The whitewater section close to Parys, and about an hour south of Johannesburg meanders through the Vredefort Dome, a site of a meteor crash from the Paleoproterozoic era (2023 million years ago). The resulting impact crater is estimated to have been one of the largest ever to strike Earth, and subsequently changed the characteristics of the river from generally flat with isolated rapids, to class II and III whitewater. This was the dawn of paddling on Vaal.
Early man first floated on the Vaal on rubber rafts. These boaters were simple folk with rough beards, tin food diets, and a huge sense of adventure. Our forefathers opened up the possibilities of descending waterways, giving us the very names we still use for the rapids on the Vaal River today. As of 2018, they still guide large groups of thrill-seekers down this popular stretch of water, often introducing neophytes to whitewater and other forms of paddling.
By the 1990s, kayakers were all over the Vaal, and with them, they brought new and colourful technology. These river rats were (and still are) masters of negotiation, skilled in the particular art of arranging put-in and take-out shuttles via friends and family. For a while, kayakers dominated the Vaal scene with their spins, cartwheels, and blunts. While their technology, lingo, style, and GoPro edits persist into the modern-day, some paddlers eclipsed sit-down watercrafts and advanced into a new age. They decided to stand up.
Stand up paddleboarding is a fairly new sport in South Africa, even on flat water but especially on the river. The Vaal, however, offers an introduction to whitewater SUP, with various sections across a 10km radius to paddle and hone your skills on.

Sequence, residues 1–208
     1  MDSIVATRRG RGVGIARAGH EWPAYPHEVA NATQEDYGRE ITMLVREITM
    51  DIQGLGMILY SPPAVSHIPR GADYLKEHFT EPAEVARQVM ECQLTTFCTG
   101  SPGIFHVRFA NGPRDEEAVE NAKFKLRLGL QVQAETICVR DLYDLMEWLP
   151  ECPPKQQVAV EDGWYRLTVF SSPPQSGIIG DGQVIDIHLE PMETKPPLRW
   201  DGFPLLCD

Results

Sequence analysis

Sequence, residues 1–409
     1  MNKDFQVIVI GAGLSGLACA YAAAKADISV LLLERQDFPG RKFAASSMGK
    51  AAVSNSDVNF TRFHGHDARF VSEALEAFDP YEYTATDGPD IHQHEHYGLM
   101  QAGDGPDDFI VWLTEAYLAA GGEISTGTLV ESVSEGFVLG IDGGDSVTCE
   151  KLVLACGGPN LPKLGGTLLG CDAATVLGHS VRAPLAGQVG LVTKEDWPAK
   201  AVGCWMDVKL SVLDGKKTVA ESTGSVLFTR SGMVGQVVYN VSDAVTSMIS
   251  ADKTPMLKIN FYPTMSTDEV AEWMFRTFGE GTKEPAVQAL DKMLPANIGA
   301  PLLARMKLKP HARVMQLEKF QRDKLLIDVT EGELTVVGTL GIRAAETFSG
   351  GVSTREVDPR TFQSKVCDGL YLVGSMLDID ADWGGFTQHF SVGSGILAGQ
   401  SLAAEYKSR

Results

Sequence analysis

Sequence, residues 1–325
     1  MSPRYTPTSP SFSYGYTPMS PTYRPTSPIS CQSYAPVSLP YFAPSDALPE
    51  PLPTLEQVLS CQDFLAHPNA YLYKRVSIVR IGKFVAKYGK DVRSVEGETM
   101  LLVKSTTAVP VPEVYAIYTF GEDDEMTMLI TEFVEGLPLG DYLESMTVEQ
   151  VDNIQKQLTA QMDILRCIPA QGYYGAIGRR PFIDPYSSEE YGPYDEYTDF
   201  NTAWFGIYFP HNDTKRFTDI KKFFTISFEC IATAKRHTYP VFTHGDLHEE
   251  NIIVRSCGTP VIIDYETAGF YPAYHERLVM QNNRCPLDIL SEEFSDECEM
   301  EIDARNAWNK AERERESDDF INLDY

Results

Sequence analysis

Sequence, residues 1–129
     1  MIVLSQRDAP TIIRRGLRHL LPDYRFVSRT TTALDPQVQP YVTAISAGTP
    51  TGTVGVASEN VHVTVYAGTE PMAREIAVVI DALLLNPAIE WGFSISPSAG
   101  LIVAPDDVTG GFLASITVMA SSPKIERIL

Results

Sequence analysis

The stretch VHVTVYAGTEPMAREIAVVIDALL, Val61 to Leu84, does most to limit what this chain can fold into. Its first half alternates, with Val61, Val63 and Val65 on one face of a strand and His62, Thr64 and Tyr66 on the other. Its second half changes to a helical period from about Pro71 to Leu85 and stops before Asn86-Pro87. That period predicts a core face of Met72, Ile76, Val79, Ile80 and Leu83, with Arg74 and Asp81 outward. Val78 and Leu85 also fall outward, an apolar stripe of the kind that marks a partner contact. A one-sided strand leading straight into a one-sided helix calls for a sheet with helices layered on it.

The Parys section of the Vaal can be divided into four sections:
Flatwater: Upstream of the town and the weir. It is great for birding, fishing, family paddles, and some fitness training. Great water for the Straight Up or Hoss to cruise around on.
Top section: Short but technical 2km run from the weir to town. Challenging but rewarding on a SUP, with steep technical rapids and surf waves. It is perfect for an afternoon or early morning trip on the Atcha.
Full day section: This section is approximately 17km long and can be split up in shorter or longer trips. It starts out with a bang within the first two kilometres as you encounter Big Daddy, one of the larger rapids on the Vaal. After Big Daddy comes a long, flat section where you can spot otters, fish, eagles, and other water birds. The full-day run ends with another series of moderate rapids. This entire stretch can be paddled as an overnighter, even for river-camping novices. The Rado and Radito were made for whitewater journeys, as they can still stick the sweet lines with a fully rigged up load. The Stompbox also works great for low level and rocky rapids.
Gatsien: Translating to “see your arse,” this section got its name from numerous unsuspecting rafting clients getting stuck in the clutches of a hydraulic hole. This rapid is located at the end of the full-day rafting section and is South Africa’s most famous park-and-play feature. When the water is flowing at 50cumecs and beyond, Gatsein turns into a challenging surf feature. Great fun! which is great fun. The steep face can make it challenging to surf in other watercrafts, but the Hala Peño handles the face with ease and carves it up like Sunday roast.
The Vaal River and its Parys section is a must see (and do!) on your South African SUP adventures. Besides the river, the area offers a lot more through hiking trails, heritage tours, adventure activities, great restaurants, and a craft brewery on your way back from your surf session at Gatsien.
Philip Claassens is a international ambassador for Hala Gear.